many years ago it was done on ability.
In our area it was apparently done by dob but they also said they'd try to keep reading groups together where possible which makes sense I suppose where you have one straggler left in either class.
Ds started in a P1/2 composite class and then was moved into the P1 class after either the September weekend or October break (long time ago now so can't remember )
The school tended to have to shuffle composite classes all the way through primary school as it became ever fuller and it was the only way it could juggle the capacity.
At ds' school, language and numbers tended to be split into groups by ability, so they mixed between the classes regularly.
Message withdrawn at poster's request.
Yes trouble but it is always like that in a class anyway, there will be a range of abilities and up to a 15 month age range (deferred children included) so it really doesn't matter where they draw the line, I think that it's always felt that it's better for them to be amongst their social peers rather than their academic but it does make sense if you are left with 1 P2 in a higher reading level than the rest of the class to move up to the P2/3 rather than the P1/2 just for logistics. Though to be fair in our boys primary they had kids flying about to different classes for their maths and english so it probably doesn't really matter.
Message withdrawn at poster's request.
I know one year they had a particularly troublesome P7 class so they ended up with two P6/7 composites so they could keep certain kids apart!
Also when in about p4 or 5 there was a girl in my elder sons class that everyone thought the sun shone out of, she was a nice enough girl tbh but she had the halo effect in that they thought she was brilliant, was constantly sent up to P7 for reading etc.
Then they did a standardised reading test. She came out with a score of about age 13, pretty good going for a 9/10 year old. Quiet, shy, bullied Ds1 got age 15
Funnily enough after that they reshuffled the groups and there were 3 of them in the class that were doing well in reading so they now had their own group in their own class (and Ds2 from the year below came up to join them since he scored 13 and a half )
Thanks again to everyone for their replies. My daughter started reading just before starting P1, is now fairly fluent and is in the more advanced reading group. Not too sure where she is in mathematics, but her teacher says she has no worries. Her birthday is late summer, so neither one of the oldest or youngest, but as FuckOffJeffrey has pointed out, she may still be chosen to remain in the P1 classroom. I agree TheTroubleWithAngels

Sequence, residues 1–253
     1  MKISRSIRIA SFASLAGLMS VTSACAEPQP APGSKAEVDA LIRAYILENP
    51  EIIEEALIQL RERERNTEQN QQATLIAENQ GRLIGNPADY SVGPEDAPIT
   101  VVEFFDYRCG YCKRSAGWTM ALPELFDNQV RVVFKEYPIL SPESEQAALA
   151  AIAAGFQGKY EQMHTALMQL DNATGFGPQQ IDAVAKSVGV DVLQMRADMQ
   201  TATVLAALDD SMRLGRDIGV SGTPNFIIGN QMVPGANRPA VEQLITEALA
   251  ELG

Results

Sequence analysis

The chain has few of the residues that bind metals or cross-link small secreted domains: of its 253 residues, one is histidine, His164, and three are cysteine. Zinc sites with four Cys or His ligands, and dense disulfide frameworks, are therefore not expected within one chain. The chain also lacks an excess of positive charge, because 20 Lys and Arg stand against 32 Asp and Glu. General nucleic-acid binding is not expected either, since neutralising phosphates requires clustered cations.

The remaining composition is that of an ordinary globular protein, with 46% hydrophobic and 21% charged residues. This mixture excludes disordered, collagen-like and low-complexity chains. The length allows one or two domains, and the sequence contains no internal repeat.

I understand what you are saying Youranus. I went through the same thoughts last year and DD was sad at first that she didn't get to move up with her friends. In the beginning I did have to remind her that she was still in P2 and not P1. (I think there were some playground comments amongst the children).
By October week everything settled down and DD was saying things like she was special because the teacher had chosen her to stay. The 6 P2's in her class do all have a close bond now but still mix with the other P2's at lunchtimes, break times and other activities. DD likes being one of the older children in class and judging by the amount of party invites she has gotten (far more than last year), the P1's like her.
It really isn't all that bad once you get used to the idea.
On the subject of age I do agree that it makes sense from the child's perspective if it is done by age. Doing it based on the individual child's needs rather than age is surely better isn't it? Some of the younger P2 children are brimming with confidence, but others (like my daughter) are still a bit shy and lacking in self confidence. To me it makes more sense to forget age and work out who would benefit most from a composite class vs non composite class.
Honestly, there are no self-esteem issues in our school based on who is in what 'slice' of a composite class. I think you're anticipating that if DD stays in the P1/2 composite she'll feel she's been 'held back a year' like they used to do for children who were behind, nothing could be further from the truth. It's simply presented as 'this is how we organise things', the P1s and 2s will be separate at some times and together at others and the work will be differentiated.
She will still 'move up' to P2 because she will be a P2. In the kindest way, I think you need to be careful that you aren't passing on any subtle messages that her confidence should be affected.
I know it seems like a big deal, but I promise it really isn't - and with the capped class size and increased focus on differentiation, it's actually a positive imo.
Thanks FuckOffJeffrey and LonnyVonnyWilsonFric
Join the discussion
Registering is free, easy, and means you can join in the discussion, get discounts, win prizes and lots more.Register now
Already registered with Mumsnet? Log in to leave your comment or alternatively, sign in with Facebook or Google.
Please login first.